________________ CM . . . . Volume XXIV Number 5 . . . . October 6, 2017


Murder Below Zero. (A Maxine Benson Mystery). (Rapid Reads).

John Lawrence Reynolds.
Victoria, BC: Orca, 2017.
130 pp., pbk., pdf & epub, $9.95.
ISBN 978-1-4598-1459-2 (pbk.), ISBN 978-1-4598-1460-8 (pdf), ISBN 978-1-4598-1461-5 epub).

Grades 10 and up / Ages 15 and up.

Review by Penta Ledger.

**** /4

Reviewed from Advance Reading Copy.



"Do you mind if I don't speak much on the way?" Beth said. "I'm quite upset." Seated next to Max in the police car, she had yet to act like a woman who had just been told her husband was dead. She was busing filing her nails.

"I would like to ask a few questions," Max said.

Without looking up, Beth said, "Go ahead."

"When was the last time you saw your husband?"

"I told you. The Saturday before I called. So that makes it just over a week ago."

"You said you had argued before he left."

"Correct." Beth put the nail file in her purse and looked out the window.

"Over what?"

Beth turned away from the lake to look at Max. "Oh, the usual things that a husband and wife talk about. You know."

"No, I don't know." Max glanced at the woman. "Can you tell me more?

Beth raised a hand to pat the back of her hair. "Bob had a jealous streak. He thought every man who smiled at me wanted to whisk me off somewhere. To bed, mostly."

"Is that what the fight was about?"

"And other things. Mainly that."

"Who was the man who made him jealous that night?"

"No one. It was always no one. Bob would make up someone and say I wanted to be with that person. He wanted to start a fight. He always wanted to start a fight after he drank too much."

"Did he ever hit you or say the he might?"

Beth took more time to answer than Max thought she needed. "I prefer not to talk about it."

She wants me to think she meant yes, Max thought.

They'd driven through the town and were on the road to Cranston when Max said, "Your husband worked for a car dealer, is that right?"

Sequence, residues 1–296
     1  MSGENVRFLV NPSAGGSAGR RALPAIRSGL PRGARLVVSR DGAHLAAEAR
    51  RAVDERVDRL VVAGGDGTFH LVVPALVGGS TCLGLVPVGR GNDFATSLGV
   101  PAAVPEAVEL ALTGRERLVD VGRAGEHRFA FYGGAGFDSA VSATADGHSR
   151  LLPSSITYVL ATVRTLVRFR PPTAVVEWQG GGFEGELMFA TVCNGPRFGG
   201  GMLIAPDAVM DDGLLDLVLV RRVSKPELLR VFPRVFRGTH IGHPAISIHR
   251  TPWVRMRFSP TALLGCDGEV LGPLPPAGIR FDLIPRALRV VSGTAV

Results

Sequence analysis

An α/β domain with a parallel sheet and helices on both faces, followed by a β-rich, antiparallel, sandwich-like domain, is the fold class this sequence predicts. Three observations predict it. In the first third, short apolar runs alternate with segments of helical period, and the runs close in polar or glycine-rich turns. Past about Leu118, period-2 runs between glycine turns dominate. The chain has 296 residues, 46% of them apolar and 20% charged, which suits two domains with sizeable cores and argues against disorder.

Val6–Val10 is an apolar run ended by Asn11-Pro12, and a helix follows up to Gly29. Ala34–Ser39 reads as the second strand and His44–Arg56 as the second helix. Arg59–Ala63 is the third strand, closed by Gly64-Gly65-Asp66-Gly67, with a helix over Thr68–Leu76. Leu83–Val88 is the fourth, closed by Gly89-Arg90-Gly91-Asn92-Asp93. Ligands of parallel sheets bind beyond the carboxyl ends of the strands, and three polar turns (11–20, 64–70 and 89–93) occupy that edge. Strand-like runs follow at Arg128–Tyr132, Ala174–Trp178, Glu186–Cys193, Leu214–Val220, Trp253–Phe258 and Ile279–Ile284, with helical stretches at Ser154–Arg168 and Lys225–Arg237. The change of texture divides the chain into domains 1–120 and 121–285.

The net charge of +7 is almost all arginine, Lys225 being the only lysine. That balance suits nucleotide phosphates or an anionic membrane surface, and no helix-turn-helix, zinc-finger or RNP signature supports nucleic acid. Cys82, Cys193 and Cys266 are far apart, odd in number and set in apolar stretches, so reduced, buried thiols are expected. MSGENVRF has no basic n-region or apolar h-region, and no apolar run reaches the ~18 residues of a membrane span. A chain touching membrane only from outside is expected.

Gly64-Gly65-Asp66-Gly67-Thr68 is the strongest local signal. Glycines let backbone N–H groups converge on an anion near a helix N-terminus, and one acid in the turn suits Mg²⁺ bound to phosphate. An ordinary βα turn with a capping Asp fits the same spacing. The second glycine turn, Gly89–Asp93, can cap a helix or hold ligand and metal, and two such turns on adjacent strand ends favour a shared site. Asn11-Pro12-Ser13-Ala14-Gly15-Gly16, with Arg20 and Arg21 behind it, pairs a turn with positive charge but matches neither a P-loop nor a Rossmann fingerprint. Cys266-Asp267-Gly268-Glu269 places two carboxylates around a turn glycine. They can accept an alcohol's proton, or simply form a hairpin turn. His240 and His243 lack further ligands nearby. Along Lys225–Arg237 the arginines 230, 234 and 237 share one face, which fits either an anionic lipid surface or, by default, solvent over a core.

"Yes, that was his work." Beth said. "Or trade. Whatever you call it."

"That's a very nice house you live in."

Beth looked at Max. "So you wonder how I can afford to live there?"

"Well, I was just…"

"My first husband worked in stocks and bonds." Beth still sounded bored. "He was very good at it. He made a lot of money for himself and for his clients. People who come up from Toronto to spend the summer here got to know him. They paid him to look after their assets. He made lots of money for them, and they made lots of money for him." She looked down at her nails. "His name was Frank Higgs, and he drowned in our pool. It was very sad. He left me his estate, including the house." She looked at Max as though Max had insulted her. "So that is how I am able to live in such a nice house. Many people envy me for that." She patted the back of her hair again. "And other things."

Isn't it strange, Max thought, that she felt she had to tell me how her first husband died.

They drove in silence the rest of the way. Max would have like to ask more questions. But she was happy not to say another word to Beth Morton. For a while.

The town of Port Ainslie, Muskoka, is usually a sleepy little tourist town managed by a very small local police force headed by Chief Maxine Benson. Though the extent of their duties are usually responding to noise violations, dogs off leashes and stolen generators, on a particular day in early June, they're faced with a murder. Having to involve the OPP from the nearby city of Cranston, Max is determined to solve the case herself despite the blatant lack of respect coming from OPP Constable Ronald Bouchard and his team.

      Responding to a call from a local resident, Max and her deputy, Henry, are pretty sure they've found Robert Ross Morton strangled, frozen, and dropped into the ditch where the resident found him. Mr. Morton was reported missing a week earlier by his wife, Beth. Now it is up to Max to break the news to Beth Morton and hopefully get some more information regarding her husband's untimely death.

      Beth Morton was previously married to Frank Higgs, and they shared an incredible house in Port Ainslie. Unfortunately, Frank Higgs drowned in their pool, leaving Beth a widow, all the money, and the stunning house. Within the year, Beth met and married Bob Morton. Bob divorced his wife and left his children to move to Muskoka and begin his life with Beth. Now, with Bob's death, Max is more than a little suspicious of Beth Morton.

      When Max delivers the news to Beth and asks Beth to go with her to identify the body, Max notices that Beth is not acting at all like a grieving widow. Filing her nails on the drive, Beth also tells Max about her first husband's drowning death even though Max didn't ask her about it. After positively identifying Bob Morton's body, Max takes Beth home, but her suspicions continue to build.